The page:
It is true, as was recently pointed out to me, that we don't quite live under a dictatorship the likes of which emanates from Pyongyang, but if this is the best that can be said for it, the mother of parliaments is in desperate, dangerous trouble. We must stop assuming Cameron is a benign blunderer, and begin to treat him as the dangerous dictator he is on the path to becoming.
Running the government budget is fundamentally different from running a household budget. Simplistic dogmatic wheezes, such as enshrining budget surpluses in law, could cause real damage to Britain's economy. Mr.Osborne, please listen to the advice of experts and bin the policy.
British Bill of Rights is the right thing for the country; we must bring our rights home. As Isaiah Berlin once said, "freedom for the pike is death for the minnows" and we shall be no minnow in the European pond.
When discussing the limits of free movement, the Prime Minister might want to focus less on the benefit-scrounging genes common to all Eastern Europeans. Instead, he could be constructive and empathise with the toll emigration takes on sending countries - skills shortages, social problems, or the €3bn Romania has lost training doctors that end up abroad.
This chance to renegotiate our relationship with the EU is a once in a generation opportunity to deliver a better future for Britain. So we will make no apologies for setting the bar high. For those who want to see the UK remain in the EU, the package had to be saleable to the British people, as they have the power now.
If we want people to get behind the movement fighting climate change, we have to make it clear what that means: not sacrificing the things we need to save a few trees, but working towards a radical overhaul of our economy to make it work for this generation and the next; make it work for the many, not the few; and make it truly fit for the future.
I am reminded of Jim Hacker, from the tv series Yes, Prime Minister, when asked if he was being indecisive? The response was 'No, I just can't make up my mind'. It almost appears as if David Cameron is trying to outdo the fiction. Yet there is a very important point here. Should collective responsibility be suspended for the referendum?
David Cameron is completely correct in laying down the law to members of his cabinet and other ministers, when it comes to them following orders and not campaigning for a UK exit from Europe.
Whilst in the south of France this week I have been reading French and German perspectives regarding the forthcoming EU referendum in the United Kingdom.
At the minute many NHS staff are compromising their own health so they can provide basic patient care. Your workforce is exhausted and demoralised, and being told to make £22billion of efficiency savings in a setting already pared to the bone. I see these staff as my patients. When the stress gets too much, they come to me. Usually exhausted, often in tears. I feel like shaking you Mr Cameron. You absolute hypocrite. How dare you?
At the heart of Fifa is a lesson about tackling corruption that goes far deeper. Corruption at Fifa was not a surprise. For years it lined the pockets of those on the inside and was met with little more than a reluctant sigh. The world shied away from taking on the problem, until some brave British journalists and American lawyers showed that things really could change. The same is true of corruption the world over... World leaders simply cannot dodge this issue any longer. We have to show some of the same courage that exposed Fifa and break the taboo on talking about corruption. I will start tomorrow at the G7 in Germany and I will put corruption at the heart of my agenda at the United Nations in September and the G20 in Turkey, culminating with a major anti-corruption Summit in London next year.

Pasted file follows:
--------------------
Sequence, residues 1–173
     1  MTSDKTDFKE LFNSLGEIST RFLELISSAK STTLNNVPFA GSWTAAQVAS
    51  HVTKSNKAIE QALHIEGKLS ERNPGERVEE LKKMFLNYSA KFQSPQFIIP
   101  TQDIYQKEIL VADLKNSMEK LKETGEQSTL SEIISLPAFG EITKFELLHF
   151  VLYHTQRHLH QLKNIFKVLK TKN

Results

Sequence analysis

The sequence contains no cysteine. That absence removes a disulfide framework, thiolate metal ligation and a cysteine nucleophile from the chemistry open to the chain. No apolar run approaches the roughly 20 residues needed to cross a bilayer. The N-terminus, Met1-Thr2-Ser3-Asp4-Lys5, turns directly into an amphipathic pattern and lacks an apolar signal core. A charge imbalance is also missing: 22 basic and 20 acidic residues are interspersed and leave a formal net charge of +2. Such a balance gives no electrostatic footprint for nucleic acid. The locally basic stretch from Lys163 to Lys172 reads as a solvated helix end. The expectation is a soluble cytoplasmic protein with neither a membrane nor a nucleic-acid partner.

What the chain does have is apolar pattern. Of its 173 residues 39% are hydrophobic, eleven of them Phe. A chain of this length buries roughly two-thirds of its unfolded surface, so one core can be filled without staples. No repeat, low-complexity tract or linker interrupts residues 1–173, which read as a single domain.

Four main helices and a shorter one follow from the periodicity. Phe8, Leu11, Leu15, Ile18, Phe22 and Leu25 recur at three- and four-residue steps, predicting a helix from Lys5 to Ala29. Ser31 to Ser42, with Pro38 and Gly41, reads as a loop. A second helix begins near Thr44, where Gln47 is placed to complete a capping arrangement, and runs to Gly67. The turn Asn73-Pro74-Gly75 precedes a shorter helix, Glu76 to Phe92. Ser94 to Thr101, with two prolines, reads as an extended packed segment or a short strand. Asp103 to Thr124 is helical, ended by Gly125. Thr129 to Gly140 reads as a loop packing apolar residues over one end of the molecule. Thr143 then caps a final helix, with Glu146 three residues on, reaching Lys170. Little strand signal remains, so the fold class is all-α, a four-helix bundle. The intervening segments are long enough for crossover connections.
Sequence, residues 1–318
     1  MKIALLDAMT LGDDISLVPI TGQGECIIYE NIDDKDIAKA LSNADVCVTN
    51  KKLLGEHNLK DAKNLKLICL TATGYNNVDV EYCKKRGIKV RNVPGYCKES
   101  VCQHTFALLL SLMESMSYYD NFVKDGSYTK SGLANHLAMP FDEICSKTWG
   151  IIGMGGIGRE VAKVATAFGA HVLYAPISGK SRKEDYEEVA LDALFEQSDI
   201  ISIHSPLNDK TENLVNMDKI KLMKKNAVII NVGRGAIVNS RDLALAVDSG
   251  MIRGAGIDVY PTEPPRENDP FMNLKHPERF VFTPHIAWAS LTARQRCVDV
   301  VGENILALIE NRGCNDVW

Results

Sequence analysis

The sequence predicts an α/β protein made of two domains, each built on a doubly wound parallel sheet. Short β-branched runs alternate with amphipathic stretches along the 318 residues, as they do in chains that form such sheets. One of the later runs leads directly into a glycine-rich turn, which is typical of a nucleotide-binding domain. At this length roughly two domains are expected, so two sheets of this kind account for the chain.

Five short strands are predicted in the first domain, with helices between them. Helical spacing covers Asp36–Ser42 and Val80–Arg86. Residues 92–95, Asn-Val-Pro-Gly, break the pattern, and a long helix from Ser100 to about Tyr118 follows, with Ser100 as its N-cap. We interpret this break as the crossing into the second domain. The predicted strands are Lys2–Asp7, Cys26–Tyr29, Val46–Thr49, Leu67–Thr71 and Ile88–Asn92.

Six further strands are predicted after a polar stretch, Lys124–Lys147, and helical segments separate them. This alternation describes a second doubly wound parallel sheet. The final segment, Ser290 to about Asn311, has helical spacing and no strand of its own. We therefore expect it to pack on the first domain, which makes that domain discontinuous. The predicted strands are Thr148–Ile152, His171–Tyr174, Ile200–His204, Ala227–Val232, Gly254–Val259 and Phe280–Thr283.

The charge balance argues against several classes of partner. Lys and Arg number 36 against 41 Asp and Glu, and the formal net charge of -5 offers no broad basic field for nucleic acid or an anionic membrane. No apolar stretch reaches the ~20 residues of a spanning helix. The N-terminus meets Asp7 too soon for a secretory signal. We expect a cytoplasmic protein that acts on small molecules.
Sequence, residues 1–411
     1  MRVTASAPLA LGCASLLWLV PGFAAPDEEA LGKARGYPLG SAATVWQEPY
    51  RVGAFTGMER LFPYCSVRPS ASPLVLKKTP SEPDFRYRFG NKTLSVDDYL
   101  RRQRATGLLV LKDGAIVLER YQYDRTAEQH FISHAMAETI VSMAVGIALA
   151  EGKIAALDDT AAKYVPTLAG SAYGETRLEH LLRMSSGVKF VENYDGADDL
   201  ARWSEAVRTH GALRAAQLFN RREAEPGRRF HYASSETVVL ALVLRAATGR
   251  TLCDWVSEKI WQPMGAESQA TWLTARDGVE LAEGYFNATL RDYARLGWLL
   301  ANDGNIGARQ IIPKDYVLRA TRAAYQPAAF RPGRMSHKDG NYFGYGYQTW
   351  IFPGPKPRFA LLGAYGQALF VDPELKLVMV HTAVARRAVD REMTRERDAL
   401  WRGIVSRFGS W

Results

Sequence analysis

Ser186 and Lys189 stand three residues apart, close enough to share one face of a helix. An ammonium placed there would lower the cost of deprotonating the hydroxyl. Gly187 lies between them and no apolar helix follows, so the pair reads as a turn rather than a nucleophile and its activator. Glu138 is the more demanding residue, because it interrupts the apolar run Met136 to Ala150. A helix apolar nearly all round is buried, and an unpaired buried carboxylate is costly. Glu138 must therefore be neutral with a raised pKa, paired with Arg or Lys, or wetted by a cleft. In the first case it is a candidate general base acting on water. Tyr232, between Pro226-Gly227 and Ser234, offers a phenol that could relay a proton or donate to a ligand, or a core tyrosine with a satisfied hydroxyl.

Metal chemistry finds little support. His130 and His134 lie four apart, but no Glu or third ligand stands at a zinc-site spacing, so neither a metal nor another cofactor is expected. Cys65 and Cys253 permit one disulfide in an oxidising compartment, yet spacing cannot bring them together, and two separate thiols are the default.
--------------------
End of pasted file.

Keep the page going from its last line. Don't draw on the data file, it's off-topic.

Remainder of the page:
Now that the political spectacle once dubbed 'the most un-predictable election in history' is over, and the Tories are at the head of their first majority government since the 1990s, what will they do to deal with the UK's housing crisis?
Everyone's talking about devolution these days. But while there's growing consensus around the principle, there's far less clarity about how it is to be achieved. This is our devolution road map...
Everyone seems to want Britain to stay. We are constantly told that leaders in business, politics and academia all warn of the dangers of a 'Brexit'. So why did an EU referendum become the focal point of the general election? Why has it become such a desperately important issue?
David Cameron may have promised to deliver a seven-day NHS, but how is that going to work? They didn't have a plan to fund this policy at the time they announced it (as Labour pointed out) and they still don't seem to have a plan now. As if that's not damaging enough to the government's credibility, let's also bear in mind that Cameron made the exact same promise during a General Election campaign five years ago. Look how that turned out. Now that the Tories have a governing majority it's time for them to get behind their campaign slogans and get a grip on the crisis our GP surgeries are now facing.
One of the most seductive arguments for holding an in-out referendum on the European Union is that it will settle the matter for decades to come: if the UK votes to stay in, we can then plan for the future without fearing a new campaign to shove us towards the exit door. The trouble is, it ain't necessarily so.